Exploring their futures

CHS students delve into research, design and more during summer internships

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While some teens spent the summer at the river, hanging out with friends, hiking or vacationing, several Camas High School students devoted much of their free time toward potential future careers.

These students, from the CHS Math Science and Technology Magnet program, volunteered at internships ranging from working a law firm that specializes in patent research to designing a school from the ground up to researching prostate cancer.

The internship program was spearheaded by magnet program teacher Kim Newman, who added that students are given real-world experiences in a field that they deem interesting, so they are engaged in the work.

“While at the site students learn to work effectively as a team, strive to help solve real-world issues and as a result, experience something much bigger than themselves,” she said. “In addition to problem solving and teamwork skills, students learned to be self-advocates and disciplined.”

For example, some of the work done by the students at various Oregon Health and Science University research institutes will be incorporated into different publications, either as an author or co-author.

“Many of the mentors were impressed with the curiosity that our students displayed,” Newman said. She gave the example of senior Meghal Sheth, who became curious about how BPA (Bisphenol-A) affected hearing while working with mentor Dr. Allison Coffin.

“Dr. Coffin helped Meghal design and carry out her experiment,” Newman said. “Her curiosity has led others in Coffin’s lab to ask more questions regarding BPA and zebra fish. This all started from a high school student asking a question and a willing mentor to guide the process.”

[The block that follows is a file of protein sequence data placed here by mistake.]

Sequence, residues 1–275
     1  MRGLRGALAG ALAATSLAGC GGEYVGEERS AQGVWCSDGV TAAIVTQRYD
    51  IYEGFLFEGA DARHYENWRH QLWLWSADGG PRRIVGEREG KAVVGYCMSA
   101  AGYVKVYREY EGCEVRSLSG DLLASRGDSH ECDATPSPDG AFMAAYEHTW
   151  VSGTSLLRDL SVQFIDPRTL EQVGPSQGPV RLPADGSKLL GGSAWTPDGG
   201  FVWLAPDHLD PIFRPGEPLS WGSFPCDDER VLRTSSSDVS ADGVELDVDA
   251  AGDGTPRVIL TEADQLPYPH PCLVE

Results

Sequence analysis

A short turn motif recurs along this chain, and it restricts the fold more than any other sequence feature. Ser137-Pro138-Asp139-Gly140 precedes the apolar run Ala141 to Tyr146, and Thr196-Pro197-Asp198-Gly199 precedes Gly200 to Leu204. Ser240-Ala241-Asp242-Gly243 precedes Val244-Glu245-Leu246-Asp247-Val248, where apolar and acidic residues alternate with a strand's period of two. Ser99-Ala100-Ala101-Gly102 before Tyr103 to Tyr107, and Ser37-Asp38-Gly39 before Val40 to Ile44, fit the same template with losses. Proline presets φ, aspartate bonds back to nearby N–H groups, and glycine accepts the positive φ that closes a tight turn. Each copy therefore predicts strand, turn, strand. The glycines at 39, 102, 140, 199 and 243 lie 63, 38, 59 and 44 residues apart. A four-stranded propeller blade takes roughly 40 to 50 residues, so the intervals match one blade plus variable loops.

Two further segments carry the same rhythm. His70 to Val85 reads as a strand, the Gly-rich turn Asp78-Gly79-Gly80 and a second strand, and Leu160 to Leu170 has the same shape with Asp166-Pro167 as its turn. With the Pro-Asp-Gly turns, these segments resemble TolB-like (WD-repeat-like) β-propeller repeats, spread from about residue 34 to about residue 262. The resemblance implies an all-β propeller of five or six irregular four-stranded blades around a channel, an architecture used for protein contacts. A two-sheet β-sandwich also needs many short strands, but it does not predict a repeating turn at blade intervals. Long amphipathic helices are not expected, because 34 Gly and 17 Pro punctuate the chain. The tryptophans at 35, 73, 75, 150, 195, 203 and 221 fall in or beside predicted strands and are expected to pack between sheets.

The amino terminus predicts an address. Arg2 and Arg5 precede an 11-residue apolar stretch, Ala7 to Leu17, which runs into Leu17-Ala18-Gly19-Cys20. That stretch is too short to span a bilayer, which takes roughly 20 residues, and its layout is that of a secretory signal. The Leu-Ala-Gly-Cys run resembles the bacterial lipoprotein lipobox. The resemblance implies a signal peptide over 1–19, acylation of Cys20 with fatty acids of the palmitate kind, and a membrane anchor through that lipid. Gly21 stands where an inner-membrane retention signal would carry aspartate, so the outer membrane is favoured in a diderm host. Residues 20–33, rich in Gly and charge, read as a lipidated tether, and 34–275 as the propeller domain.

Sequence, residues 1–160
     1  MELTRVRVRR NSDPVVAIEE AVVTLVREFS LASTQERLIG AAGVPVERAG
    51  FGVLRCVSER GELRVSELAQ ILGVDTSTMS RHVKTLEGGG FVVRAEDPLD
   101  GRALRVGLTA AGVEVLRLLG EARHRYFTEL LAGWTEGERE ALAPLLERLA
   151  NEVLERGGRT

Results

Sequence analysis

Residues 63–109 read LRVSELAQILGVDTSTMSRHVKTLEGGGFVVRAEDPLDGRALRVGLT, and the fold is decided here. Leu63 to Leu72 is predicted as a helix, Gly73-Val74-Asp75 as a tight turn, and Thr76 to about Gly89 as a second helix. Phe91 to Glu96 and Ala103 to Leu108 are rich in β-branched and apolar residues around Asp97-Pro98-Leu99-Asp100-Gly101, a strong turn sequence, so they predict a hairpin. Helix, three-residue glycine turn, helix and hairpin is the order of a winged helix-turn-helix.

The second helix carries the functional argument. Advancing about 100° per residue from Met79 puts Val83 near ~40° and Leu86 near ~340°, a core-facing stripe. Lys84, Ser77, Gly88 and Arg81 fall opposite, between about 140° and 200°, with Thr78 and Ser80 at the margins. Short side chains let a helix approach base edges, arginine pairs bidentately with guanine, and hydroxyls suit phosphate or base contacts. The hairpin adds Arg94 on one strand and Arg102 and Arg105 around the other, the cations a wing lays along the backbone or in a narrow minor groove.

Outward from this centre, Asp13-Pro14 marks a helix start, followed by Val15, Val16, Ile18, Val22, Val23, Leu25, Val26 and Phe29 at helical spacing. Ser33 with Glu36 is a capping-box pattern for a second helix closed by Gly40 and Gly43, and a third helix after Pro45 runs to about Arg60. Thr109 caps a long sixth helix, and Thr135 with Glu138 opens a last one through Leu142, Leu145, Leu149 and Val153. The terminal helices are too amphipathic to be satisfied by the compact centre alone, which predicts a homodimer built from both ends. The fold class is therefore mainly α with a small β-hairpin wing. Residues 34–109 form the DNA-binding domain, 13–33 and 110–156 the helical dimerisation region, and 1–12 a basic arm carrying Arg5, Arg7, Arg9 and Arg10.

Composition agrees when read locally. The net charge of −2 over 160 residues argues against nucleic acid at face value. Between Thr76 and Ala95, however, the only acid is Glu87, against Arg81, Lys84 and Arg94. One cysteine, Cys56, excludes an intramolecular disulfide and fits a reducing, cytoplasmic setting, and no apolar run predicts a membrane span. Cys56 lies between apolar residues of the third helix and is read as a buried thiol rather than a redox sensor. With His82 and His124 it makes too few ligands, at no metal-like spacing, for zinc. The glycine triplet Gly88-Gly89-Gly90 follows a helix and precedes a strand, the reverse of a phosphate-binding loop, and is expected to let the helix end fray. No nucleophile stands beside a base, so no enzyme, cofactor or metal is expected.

There are several mentors who have been with the program since its inception, such as Hewlett Packard, Underwriters Laboratories, CID BioScience, and the City of Camas.

“Interested students contact these organizations to express interest and ask for a potential interview,” Newman said. “For the most part, though, students express an interest in a particular field, I work with them to find a company or a university with that area of expertise, and students start making the contacts themselves. Many adults in the field are impressed by the students being self-advocates and are willing to help or provide other contacts.”

She noted that other students go through the Apprenticeships in Science and Engineering Program, which matches high school freshmen, sophomores and juniors with scientists and engineers for eight-week summer internships in a professional, scientific or engineering environment.

Read about these students experiences in the Sept. 30 print edition.

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